Fentanyl poisoning: What you need to know – OregonLive

Drug traffickers are flooding the United States with Illegal fentanyl in forms such as powders and fake prescription pills that are linked to many fatal overdoses. These photos show how closely counterfeit oxycodone pills made with fentanyl resemble real prescription pills. (Courtesy of the U.S. Drug Enforcement Administration)
What is fentanyl?
Doctors use the powerful synthetic opioid to treat patients with chronic severe pain or extreme pain following surgery.
It’s a schedule II controlled substance that is 100 times stronger than morphine and 50 times stronger than heroin.
Illicit fentanyl has now overtaken the illegal drug market, sold on the street because it’s cheaper and more potent that many other drugs.
Pills made to mimic prescription pills are now filled with fentanyl and pose a serious threat to unsuspecting buyers because people can’t smell, taste or see it.
Fake prescription pills are nearly impossible to distinguish from real ones. They’re often referred to as “Blues,” “M30s” and “Perc-30s.”
What are the effects of fentanyl?
Euphoria, drowsiness, nausea, confusion, sedation, constipation, problems breathing, unconsciousness.
What is a lethal dose of fentanyl?
The U.S. Drug Enforcement Administration estimates 2 milligrams to be a lethal dose. That’s similar to a couple grains of salt.
Where is illicit fentanyl coming from?
It’s primarily manufactured in foreign clandestine labs, mainly in China, Mexico and India and smuggled into the United States through drug cartels from Mexico, then distributed across the country and sold in the illegal drug market. An increasing number of pills laced with fentanyl are being made in the United States, according to the U.S. Drug Enforcement Administration.
How to prevent overdoses?
Only consume pills and other drugs obtained from a pharmacy and prescribed to you, not to a friend or anyone else. It’s not safe to consume anyone else’s prescription drugs or anything bought or ordered online or on the street.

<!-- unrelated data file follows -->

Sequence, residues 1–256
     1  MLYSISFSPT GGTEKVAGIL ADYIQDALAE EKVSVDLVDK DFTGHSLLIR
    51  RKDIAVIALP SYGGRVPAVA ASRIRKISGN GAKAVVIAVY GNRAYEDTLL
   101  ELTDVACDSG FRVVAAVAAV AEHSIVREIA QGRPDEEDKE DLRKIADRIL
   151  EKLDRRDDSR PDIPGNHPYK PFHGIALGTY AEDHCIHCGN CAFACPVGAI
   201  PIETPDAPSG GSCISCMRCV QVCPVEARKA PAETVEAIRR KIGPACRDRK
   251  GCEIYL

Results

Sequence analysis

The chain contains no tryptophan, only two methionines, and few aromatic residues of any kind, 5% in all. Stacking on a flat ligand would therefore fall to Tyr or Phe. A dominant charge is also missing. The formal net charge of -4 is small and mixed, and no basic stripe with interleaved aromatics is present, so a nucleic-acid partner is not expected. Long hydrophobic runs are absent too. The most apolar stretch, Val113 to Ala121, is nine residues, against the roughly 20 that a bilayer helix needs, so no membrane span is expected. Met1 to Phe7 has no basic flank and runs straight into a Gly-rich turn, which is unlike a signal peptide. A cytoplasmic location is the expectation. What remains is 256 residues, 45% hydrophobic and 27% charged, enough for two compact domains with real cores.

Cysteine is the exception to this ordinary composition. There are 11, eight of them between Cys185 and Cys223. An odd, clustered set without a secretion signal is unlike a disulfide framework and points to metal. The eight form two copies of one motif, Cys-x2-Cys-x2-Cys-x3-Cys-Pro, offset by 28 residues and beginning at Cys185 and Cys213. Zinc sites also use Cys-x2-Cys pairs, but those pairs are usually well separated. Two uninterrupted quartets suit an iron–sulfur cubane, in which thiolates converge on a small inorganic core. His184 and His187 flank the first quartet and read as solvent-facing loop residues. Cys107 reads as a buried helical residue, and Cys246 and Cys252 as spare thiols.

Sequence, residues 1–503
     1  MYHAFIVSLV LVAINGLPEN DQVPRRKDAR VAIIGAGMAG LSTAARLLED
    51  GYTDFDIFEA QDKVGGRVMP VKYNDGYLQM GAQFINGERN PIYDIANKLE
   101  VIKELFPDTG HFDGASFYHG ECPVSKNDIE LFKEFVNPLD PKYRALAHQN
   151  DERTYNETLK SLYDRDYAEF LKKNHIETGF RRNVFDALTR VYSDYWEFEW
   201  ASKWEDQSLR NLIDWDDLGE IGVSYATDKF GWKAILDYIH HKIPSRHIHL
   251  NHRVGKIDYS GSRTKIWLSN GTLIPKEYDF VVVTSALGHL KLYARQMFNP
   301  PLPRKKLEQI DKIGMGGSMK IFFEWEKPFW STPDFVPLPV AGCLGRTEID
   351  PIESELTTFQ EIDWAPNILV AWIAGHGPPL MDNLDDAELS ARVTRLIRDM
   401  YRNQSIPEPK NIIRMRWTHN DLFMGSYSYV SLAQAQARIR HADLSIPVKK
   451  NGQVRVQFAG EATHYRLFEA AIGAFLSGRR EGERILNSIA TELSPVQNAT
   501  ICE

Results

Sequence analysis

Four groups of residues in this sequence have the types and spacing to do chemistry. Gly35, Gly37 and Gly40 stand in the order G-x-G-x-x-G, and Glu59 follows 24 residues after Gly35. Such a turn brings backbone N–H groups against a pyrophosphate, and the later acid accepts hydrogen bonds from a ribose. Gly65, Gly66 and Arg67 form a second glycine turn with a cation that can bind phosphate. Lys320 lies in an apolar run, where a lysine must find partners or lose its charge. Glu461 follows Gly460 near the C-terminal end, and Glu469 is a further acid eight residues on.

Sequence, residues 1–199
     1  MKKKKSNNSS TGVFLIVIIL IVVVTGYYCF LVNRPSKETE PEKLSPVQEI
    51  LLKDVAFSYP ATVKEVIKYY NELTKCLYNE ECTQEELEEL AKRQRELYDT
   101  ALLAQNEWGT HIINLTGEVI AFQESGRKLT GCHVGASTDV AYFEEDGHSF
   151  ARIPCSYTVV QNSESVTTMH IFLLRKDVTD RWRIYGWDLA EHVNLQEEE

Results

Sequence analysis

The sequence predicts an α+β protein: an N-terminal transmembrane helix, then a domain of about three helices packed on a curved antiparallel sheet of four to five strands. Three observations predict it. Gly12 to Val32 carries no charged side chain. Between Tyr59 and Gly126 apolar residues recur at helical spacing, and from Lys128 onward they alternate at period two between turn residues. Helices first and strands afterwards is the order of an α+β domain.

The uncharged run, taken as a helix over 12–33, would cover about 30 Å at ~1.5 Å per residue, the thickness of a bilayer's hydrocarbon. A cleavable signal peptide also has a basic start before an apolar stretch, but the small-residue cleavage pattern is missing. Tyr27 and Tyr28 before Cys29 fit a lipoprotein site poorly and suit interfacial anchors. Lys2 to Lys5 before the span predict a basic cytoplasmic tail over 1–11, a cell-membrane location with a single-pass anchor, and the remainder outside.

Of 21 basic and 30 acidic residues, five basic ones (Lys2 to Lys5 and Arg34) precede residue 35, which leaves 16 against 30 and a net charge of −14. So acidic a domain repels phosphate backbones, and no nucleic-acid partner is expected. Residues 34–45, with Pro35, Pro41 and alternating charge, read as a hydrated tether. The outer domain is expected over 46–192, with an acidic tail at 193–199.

What are fentanyl test strips?
Fentanyl test strips can identify the presence of fentanyl in unregulated drugs.
They can be used to test injectable drugs, powders and pills. But they don’t provide any information on the amount of fentanyl in a drug or detect the presence of any other drug.
A test strip that shows no fentanyl in one pill doesn’t mean the other pills in a batch are also free of fentanyl.
Anyone can get free fentanyl test strips and naloxone kits through Multnomah County Harm Reduction at multco.us/harmreduction.
What can parents do?
Talk with teens about risk of substance abuse, about the danger of buying drugs on the internet, through social media or from anyone who isn’t a licensed health care provider.
Look for changes in behavior, such as irregular eating or sleeping patterns, loss of interest in usual activities or signs of depression or anxiety.
If parents are aware their child is taking counterfeit pills or illicit drugs, they can carry multiple doses of naloxone, an opioid reversal drug.
What is naloxone?
It’s a medicine that can rapidly reverse an opioid overdose when given the right way.
It works rapidly binding to opioid receptors to block the effects of the drug.
But fentanyl is stronger than other opioid drugs and typically requires at least two doses of naloxone, experts say.
Naloxone can be given as a nasal spray or injected into the muscle, under the skin or into veins.
People given naloxone must be monitored for at least two hours after their last dose to make sure their breathing doesn’t slow or stop.
Naloxone is available at pharmacies in Oregon without a prescription.
Families with loved ones who struggle with opioid addiction should have naloxone nearby. Families should ask their loved one to carry naloxone and let friends know where it is.
People should still call 911 immediately if someone has overdosed. Naloxone works to reverse opioid overdoses for only 30 to 90 minutes after the drug is taken.
What are signs of an overdose?
Check for small, “pinpoint” pupils; pale, bluish, cold and clammy skin; vomiting or foaming at the mouth; slow, shallow breathing; sluggish, sleepy behavior; or loss of consciousness.
What to do if you suspect someone has overdosed?
Call 911 for immediate medical attention.
Sources: U.S. Drug Enforcement Administration, National Institute on Drug Abuse, Oregon Poison Center, Families Against Fentanyl
— Maxine Bernstein
Email at mbernstein@oregonian.com; 503-221-8212
Follow on Twitter @maxoregonian  
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